Exterior of a modern house

Craig Steely’s Musubi House is a Force of Nature

On the Big Island of Hawai’i, the local architect designed a 2,200-square-foot residence that is completely off-grid.

Land is a living, breathing thing. Nowhere is this more powerfully felt than on the Big Island of Hawai‘i, the largest yet youngest isle in the archipelago. Forged by the explosive power of five volcanoes, the island continues to be reshaped by Kilauea’s every eruption. Landscapes are erased, shorelines altered. With peaks reaching 14,000 feet above sea level, the area also generates its own weather, which can be equally unpredictable. Clear skies can suddenly give way to dense cloud cover and violent wind and rain. 

interior of the house with a white table
Musubi House’s prowlike roof helps deflect its hilltop site’s strong winds. A conversation pit carves out protected intimacy, while expansive windows and an open-air atrium provide connections to the site.

Capturing—and mitigating—these elemental forces was the assignment for Musubi House, a 2,200-square-foot residence perched high above the Big Island’s Hamakua coast on 100 acres of pastureland and native ohia forest. Designed by architect Craig Steely, who splits his time between Hawai‘i and San Francisco, the glass-and-concrete residence is a series of nested triangles, the largest of which resembles the nori-wrapped rice snack that gives the building its name. The house is topped by a monumental diamond-shaped roof that is “pointed right into the wind,” Steely says. “It’s like a ship,” oriented so that the eastern corner serves as a prow, deflecting the site’s buffeting trade winds, while an open-air atrium creates a visceral connection to the oft-changing weather patterns. “There are some days when it’s so bright and so still and other days when the fog will roll in and sort of sit inside of it,” the architect adds.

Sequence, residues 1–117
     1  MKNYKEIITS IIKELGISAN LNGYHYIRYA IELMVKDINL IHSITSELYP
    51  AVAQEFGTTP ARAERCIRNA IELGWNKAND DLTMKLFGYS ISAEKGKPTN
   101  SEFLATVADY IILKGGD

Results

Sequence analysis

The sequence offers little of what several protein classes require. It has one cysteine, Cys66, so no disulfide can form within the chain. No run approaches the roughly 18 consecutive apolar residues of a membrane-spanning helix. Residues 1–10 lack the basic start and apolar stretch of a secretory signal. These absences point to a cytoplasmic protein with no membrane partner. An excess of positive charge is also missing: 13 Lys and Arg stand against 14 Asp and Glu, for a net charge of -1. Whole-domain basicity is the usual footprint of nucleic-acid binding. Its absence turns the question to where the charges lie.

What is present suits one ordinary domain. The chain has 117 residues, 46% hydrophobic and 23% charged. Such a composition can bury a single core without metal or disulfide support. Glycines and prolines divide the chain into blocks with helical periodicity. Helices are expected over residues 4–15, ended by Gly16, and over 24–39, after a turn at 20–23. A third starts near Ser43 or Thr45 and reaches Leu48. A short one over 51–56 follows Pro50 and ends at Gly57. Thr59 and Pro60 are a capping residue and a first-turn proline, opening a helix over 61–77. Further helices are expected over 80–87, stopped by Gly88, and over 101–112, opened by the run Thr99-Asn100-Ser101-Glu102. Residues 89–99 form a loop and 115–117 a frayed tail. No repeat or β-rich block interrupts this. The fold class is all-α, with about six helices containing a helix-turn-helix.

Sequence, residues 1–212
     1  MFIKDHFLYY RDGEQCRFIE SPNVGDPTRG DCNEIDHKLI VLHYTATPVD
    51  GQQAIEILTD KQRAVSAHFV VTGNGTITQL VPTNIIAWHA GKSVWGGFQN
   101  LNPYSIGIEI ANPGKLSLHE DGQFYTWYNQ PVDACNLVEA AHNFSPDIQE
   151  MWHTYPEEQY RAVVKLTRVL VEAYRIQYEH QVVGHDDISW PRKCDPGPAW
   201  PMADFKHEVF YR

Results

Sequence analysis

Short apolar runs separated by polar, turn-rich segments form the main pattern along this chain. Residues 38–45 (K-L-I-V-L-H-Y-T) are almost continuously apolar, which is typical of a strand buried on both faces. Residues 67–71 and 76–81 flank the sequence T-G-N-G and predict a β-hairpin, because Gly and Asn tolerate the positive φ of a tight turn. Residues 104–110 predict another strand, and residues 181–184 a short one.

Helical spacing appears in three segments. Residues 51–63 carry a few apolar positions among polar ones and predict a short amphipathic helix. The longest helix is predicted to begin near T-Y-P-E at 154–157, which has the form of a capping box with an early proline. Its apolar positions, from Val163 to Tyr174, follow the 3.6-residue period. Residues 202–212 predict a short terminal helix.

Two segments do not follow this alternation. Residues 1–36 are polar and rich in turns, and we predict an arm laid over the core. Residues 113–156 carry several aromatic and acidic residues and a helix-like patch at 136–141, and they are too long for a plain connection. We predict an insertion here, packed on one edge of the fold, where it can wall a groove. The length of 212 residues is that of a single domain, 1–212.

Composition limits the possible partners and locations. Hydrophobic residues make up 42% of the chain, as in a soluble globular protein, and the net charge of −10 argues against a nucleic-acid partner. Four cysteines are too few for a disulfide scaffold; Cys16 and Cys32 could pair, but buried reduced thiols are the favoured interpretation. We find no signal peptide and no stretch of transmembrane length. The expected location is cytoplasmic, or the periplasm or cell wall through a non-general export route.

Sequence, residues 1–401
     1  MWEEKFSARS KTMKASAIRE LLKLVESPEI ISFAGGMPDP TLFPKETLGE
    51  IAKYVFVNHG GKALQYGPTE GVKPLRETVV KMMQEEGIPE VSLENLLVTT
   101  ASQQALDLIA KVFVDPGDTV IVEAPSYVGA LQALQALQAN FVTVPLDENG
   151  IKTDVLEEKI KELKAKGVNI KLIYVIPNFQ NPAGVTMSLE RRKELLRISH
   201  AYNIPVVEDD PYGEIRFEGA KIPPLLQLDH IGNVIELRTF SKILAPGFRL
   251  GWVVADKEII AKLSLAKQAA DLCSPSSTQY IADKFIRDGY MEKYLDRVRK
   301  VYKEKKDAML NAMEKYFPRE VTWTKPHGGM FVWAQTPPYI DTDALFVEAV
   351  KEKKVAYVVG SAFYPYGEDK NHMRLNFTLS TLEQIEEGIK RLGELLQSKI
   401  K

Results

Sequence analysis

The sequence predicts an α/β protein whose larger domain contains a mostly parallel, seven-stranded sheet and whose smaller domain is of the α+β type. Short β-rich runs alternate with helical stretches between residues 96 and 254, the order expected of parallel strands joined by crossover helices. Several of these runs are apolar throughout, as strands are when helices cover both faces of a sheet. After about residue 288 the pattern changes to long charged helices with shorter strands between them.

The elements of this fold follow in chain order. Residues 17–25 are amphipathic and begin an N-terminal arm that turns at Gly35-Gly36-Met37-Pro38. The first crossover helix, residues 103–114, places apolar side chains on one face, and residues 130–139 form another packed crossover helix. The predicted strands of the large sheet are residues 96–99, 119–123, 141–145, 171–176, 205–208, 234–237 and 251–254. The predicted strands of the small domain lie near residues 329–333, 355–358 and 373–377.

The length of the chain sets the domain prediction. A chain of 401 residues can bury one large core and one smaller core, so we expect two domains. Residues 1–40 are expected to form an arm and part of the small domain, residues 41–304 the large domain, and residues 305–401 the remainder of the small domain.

A live-work space for a pair of local commercial artists, Musubi House is completely off-grid, generating its electricity via a solar-tracking photovoltaic array and filtering rainwater runoff for use inside and outside the home. A ¾-mile-long road was built to access the site, but weather and the island’s rugged topography created logistical challenges during construction. Floods took out bridges; storms blew trees across the road. Steely compares the build to Fitzcarraldo, the Werner Herzog film in which an obsessive businessman persuades an Amazonian tribe to haul a riverboat up a steep mountainside with only manpower. “It took two years just to get the concrete done,” Steely says. “Honestly, Fitzcarraldo would have been easier. It would’ve been easier to drag a boat over the top of a mountain.” 

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interior of the house living room with concrete floor and walls

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